The second baseman led the team by appearing in 161 games. With the rash of injuries and roster turnover that happened throughout the year, Terry Collins inserted Murphy in multiple lineup spots.
He hit .286/.319/.415 with 13 home runs and 78 RBIs -- both career highs. Murphy drew only 32 walks, but was second in the National League with 188 hits.
Adam Rubin of ESPN New York reported on November 11 that the Mets will listen to offers for their second baseman, but they're not committed to trading him away.
Toronto Blue Jays
After their disappointing 2013 campaign, the Blue Jays are looking to retool their roster. Jon Heyman of CBS Sports noted Toronto's first priority is to upgrade its starting rotation. Its other sources of need are second base and catcher.
In exchange for these needs, the Jays are open to parting with either outfielder Jose Bautista or first baseman Edwin Encarnacion. They both play positions where the Mets need an upgrade.
Bautista has dealt with injuries the last two years, but acquiring him would automatically improve New York's outfield. Even with his shortened seasons, he's hit 20 or more home runs in four consecutive years.
He's entering his age-33 season, but is only under contract through 2015. Bautista is due to earn an average annual salary of $14 million. If he can stay healthy, that's a bargain for the kind of power and protection in the lineup he could provide.
Encarnacion finally put it all together for Toronto in 2012, hitting 42 home runs and collecting 110 RBIs to go with a .280 batting average. He followed that season up with a .272/.370/.534 line, along with 36 home runs and 104 RBIs in 2013.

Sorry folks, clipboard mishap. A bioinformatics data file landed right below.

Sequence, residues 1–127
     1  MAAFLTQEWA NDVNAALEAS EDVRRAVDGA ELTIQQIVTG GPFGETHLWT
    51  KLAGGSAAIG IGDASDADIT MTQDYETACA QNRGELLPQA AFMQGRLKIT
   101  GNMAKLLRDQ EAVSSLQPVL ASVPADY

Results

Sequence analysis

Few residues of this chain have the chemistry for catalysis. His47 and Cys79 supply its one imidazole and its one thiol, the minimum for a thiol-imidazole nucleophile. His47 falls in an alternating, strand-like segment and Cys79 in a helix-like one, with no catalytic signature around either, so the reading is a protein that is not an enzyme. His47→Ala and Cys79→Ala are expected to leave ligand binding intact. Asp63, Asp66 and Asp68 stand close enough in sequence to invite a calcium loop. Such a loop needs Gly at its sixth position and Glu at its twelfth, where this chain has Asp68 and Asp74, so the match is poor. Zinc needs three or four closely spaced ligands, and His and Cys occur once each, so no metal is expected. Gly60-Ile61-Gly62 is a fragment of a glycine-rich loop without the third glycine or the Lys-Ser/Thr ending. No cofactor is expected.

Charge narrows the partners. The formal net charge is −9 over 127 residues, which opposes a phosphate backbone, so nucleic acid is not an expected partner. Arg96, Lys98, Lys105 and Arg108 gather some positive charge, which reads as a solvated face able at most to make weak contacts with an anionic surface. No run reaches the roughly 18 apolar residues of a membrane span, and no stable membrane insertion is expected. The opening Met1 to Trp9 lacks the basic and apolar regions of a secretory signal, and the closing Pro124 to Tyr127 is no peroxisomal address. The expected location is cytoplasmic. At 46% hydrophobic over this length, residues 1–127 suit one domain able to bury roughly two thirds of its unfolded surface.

The first baseman is entering his age-31 season. Like Bautista, he has two guaranteed years left on his contract (outside of a 2016 option), but is at even more of a bargain. He'll earn $9 million in 2014 and $10 million in 2015.
Swapping either one of these players with a package including Murphy would fill needs for both teams and allow the Jays to clear some payroll.
Kansas City Royals
While Murphy is primarily a second baseman, he holds value as a "super utility" type player. His natural position is third base, and he also has big league experience at first base. American League teams could get a lot of use out of Murphy's versatility, including as a designated hitter.
Similar to Toronto, the Royals are also in need of some starting pitching, especially if free agents Bruce Chen and Ervin Santana sign elsewhere. The Mets could use Murphy as the centerpiece of a package including young starting pitching to make a play for Alex Gordon.
The 29-year-old corner outfielder hit .265/.327/.422 with 20 home runs and 81 RBIs in 156 games played in 2013. He's under contract through 2015, including a team option for '16. He's due to earn $10 million next season and $12.5 million in 2014.
Add his solid offense and affordable contract with his three straight Gold Glove Awards, and he's someone the Mets should be trying to acquire. That will depend on whether or not Royals GM Dayton Moore is willing to part with him.
It's tough to see the Mets shop Daniel Murphy around. He was one of the most consistent players in Flushing last year.
However, in order to get the position player(s) they're in search of, teams will want some big league talent in return.
Dealing Murphy would theoretically put a hole at second base for the Mets. If Alderson is comfortable with Eric Young, Jr. as the team's leadoff man, he can be shifted from the outfield back to his natural position of second base.
The Mets have multiple holes to fill for 2014. In order to fill as many as possible, they'll have to get creative. Using Murph strategically in a potential deal could help New York get its overall lineup to a point where it can compete for a playoff spot.
ESPN New York - report on Mets listening to offers for Murphy
CBS Sports - report on offseason needs for Blue Jays
Royals.com - Kansas City's depth chart
Matt Musico's Mets opinion has been featured on MLB Trade Rumors, Bleacher Report, MetsBlog, Amazin' Avenue, Mets Merized Online and Rising Apple. You can follow him on Twitter: @mmusico8.
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- New York Mets
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